Some cybersecurity pros want to ban ransomware victims from paying hackers to unlock their computer systems. They argue it’s the only way to halt a wave of debilitating and increasingly brazen cyberattacks for profit. But such bans could do more harm than good, forcing companies out of business if they can’t get back online, other experts warn. They could also endanger lives and livelihoods if hospitals, schools and other critical services are shut down for days on end. “It’s very contentious,” James Shank, chief architect of community services at the cybersecurity firm Team Cymru, told me. “Some people adamantly believe you can’t solve the problem without banning. … On the other side, you have victims that are really impacted by ransomware and their viability as businesses is threatened.”
2 – The Colonial pipeline ransomware hackers had a secret weapon: self-promoting cybersecurity firms
On January 11, antivirus company Bitdefender said it was “happy to announce” a startling breakthrough. It had found a flaw in the ransomware that a gang known as DarkSide was using to freeze computer networks of dozens of businesses in the US and Europe. Companies facing demands from DarkSide could download a free tool from Bitdefender and avoid paying millions of dollars in ransom to the hackers. But Bitdefender wasn’t the first to identify this flaw. Two other researchers, Fabian Wosar and Michael Gillespie, had noticed it the month before and had begun discreetly looking for victims to help. By publicizing its tool, Bitdefender alerted DarkSide to the lapse, which involved reusing the same digital keys to lock and unlock multiple victims. The next day, DarkSide declared that it had repaired the problem, and that “new companies have nothing to hope for.” “Special thanks to BitDefender for helping fix our issues,” DarkSide said. “This will make us even better.”
In 2011, Chinese spies stole the crown jewels of cybersecurity—stripping protections from firms and government agencies worldwide. Here’s how it happened. Amid all the sleepless hours that Todd Leetham spent hunting ghosts inside his company’s network in early 2011, the experience that sticks with him most vividly all these years later is the moment he caught up with them. Or almost did. It was a spring evening, he says, three days—maybe four, time had become a blur—after he had first begun tracking the hackers who were rummaging through the computer systems of RSA, the corporate security giant where he worked. Leetham—a bald, bearded, and curmudgeonly analyst one coworker described to me as a “carbon-based hacker-finding machine”—had been glued to his laptop along with the rest of the company’s incident response team, assembled around the company’s glass-encased operations center in a nonstop, 24-hours-a-day hunt. And with a growing sense of dread, Leetham had finally traced the intruders’ footprints to their final targets: the secret keys known as “seeds,” a collection of numbers that represented a foundational layer of the security promises RSA made to its customers, including tens of millions of users in government and military agencies, defense contractors, banks, and countless corporations around the world.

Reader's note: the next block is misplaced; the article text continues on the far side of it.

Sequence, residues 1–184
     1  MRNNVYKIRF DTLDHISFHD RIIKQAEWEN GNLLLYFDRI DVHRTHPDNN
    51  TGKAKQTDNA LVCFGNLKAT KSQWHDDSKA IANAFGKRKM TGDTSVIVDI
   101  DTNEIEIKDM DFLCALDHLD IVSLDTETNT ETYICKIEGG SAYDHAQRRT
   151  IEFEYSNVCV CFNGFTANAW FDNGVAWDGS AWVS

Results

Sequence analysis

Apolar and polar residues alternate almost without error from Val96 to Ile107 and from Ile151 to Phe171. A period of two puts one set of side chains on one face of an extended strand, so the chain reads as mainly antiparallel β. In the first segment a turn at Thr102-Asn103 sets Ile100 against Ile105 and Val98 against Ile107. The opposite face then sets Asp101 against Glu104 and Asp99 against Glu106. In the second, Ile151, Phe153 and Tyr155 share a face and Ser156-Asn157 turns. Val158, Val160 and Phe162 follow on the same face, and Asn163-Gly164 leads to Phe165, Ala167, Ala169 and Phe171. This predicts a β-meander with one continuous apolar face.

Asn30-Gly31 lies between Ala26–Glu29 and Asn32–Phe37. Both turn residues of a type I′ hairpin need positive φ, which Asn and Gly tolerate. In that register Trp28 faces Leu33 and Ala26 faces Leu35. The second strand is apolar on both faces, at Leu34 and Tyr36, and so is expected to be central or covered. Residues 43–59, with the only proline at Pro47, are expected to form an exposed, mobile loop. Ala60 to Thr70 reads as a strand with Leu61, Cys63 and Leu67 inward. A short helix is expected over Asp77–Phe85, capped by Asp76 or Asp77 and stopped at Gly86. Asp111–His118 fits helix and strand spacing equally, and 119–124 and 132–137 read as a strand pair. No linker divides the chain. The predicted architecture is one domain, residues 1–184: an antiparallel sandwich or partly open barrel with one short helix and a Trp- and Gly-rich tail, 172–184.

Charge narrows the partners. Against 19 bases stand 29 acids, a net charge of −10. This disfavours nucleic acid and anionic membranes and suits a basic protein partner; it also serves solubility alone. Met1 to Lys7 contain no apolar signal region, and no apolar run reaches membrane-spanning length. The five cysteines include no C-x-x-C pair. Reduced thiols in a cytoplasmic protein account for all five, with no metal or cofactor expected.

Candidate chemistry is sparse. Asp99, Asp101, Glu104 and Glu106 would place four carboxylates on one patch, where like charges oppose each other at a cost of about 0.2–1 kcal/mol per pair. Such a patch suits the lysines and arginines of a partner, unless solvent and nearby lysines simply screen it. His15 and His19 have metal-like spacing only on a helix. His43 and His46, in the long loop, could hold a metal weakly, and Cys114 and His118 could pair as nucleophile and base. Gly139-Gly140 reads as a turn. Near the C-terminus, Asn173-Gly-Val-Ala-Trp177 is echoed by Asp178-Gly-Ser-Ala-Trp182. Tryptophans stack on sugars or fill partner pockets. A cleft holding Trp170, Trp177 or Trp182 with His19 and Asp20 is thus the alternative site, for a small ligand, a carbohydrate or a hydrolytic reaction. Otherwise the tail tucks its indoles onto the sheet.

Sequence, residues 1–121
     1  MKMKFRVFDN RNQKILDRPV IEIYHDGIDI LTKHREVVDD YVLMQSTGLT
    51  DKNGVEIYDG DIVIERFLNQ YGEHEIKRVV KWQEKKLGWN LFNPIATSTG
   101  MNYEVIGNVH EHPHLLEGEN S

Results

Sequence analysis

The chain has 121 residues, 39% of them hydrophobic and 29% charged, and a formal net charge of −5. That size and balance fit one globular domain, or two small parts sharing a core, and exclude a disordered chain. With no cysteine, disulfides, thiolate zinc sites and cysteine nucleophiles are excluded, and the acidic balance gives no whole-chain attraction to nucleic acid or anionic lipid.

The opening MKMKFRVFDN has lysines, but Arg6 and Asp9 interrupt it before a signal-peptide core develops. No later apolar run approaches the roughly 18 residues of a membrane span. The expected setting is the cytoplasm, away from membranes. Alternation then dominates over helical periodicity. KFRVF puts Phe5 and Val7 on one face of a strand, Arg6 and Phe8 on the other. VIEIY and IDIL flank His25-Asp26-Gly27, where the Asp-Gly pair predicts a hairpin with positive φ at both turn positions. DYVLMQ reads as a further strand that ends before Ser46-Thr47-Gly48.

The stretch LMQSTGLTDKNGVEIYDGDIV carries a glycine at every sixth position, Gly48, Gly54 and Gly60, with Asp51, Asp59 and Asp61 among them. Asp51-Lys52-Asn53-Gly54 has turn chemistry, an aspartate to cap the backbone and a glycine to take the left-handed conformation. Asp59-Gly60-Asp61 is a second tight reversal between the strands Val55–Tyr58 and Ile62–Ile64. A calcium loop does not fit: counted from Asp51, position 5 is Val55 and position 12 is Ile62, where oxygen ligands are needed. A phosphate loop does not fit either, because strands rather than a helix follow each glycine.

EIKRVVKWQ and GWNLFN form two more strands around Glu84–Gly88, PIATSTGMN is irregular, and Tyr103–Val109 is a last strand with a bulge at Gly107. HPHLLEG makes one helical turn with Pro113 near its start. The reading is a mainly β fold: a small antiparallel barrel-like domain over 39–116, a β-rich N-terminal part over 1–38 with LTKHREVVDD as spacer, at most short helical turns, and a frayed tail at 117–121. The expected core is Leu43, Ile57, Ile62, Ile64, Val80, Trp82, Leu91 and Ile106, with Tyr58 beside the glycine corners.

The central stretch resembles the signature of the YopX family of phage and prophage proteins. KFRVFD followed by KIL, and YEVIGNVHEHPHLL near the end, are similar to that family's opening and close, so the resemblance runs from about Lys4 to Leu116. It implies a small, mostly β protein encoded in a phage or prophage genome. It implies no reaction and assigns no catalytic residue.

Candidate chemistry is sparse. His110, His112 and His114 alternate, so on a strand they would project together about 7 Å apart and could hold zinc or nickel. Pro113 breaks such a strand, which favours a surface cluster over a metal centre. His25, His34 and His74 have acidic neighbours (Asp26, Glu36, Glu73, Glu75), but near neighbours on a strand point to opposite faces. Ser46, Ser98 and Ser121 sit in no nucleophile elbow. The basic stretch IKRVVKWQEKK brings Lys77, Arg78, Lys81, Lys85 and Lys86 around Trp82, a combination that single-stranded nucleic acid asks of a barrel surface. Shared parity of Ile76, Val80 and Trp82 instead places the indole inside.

When the Colonial Pipeline attack made headlines earlier this month, Steve Grobman knew that every security practitioner would soon be talking about ransomware risk in their organizations again. “Here we are halfway through 2021 and the pendulum has swung back to discussing ransomware attacks,” he says. “If all of our focus is on the last thing to [have] happened, then we can get in a really dangerous situation.” Grobman, senior vice president and chief technology officer at McAfee, served as a keynote speaker at RSA Conference this week, pointing to the flaw in heeding headlines to make risk-based decisions. Grobman’s argument is this: As humans, we are awful at perceiving risk. We are too easily influenced by media, anecdotal data, and evolutionary biology. He called on security leaders to lean on data and science, not headlines, when deciding where to invest in tools and how to craft security strategy.
On May 12, 2021, the US president issued an “Executive Order on Improving the Nation’s Cybersecurity.” The EO follows on the heels of the Colonial Pipeline ransomware attack, along with the Codecov and Solar Winds supply-chain attacks. While the EO focuses primarily on internal-government actions, the presidential order expresses hope that private sector companies will follow the US government’s lead and take “ambitious measures to augment and align cybersecurity investments” to reduce the number, frequency and intensity of future cybersecurity incidents.
Neuralink, a US-based technology firm founded by serial entrepreneur Elon Musk, might have the edge in developing brain-computer interface (or BCI) technology, but Chinese research teams have been catching up in their development of this crucial biosciences space that could have far-ranging applications, including in medicine and aerospace. Brain-computer interface technology has come a long way from seeming like science fiction, and while Musk’s Neuralink has gone so far as to implant a microchip in a monkey’s skull and enable it to control video games with just its mind, China’s researchers have seen some success with wearable headgear wired with a chip and sensing electrodes. This allows for a non-invasive alternative to allow brain signals to be interpreted and transmitted onscreen.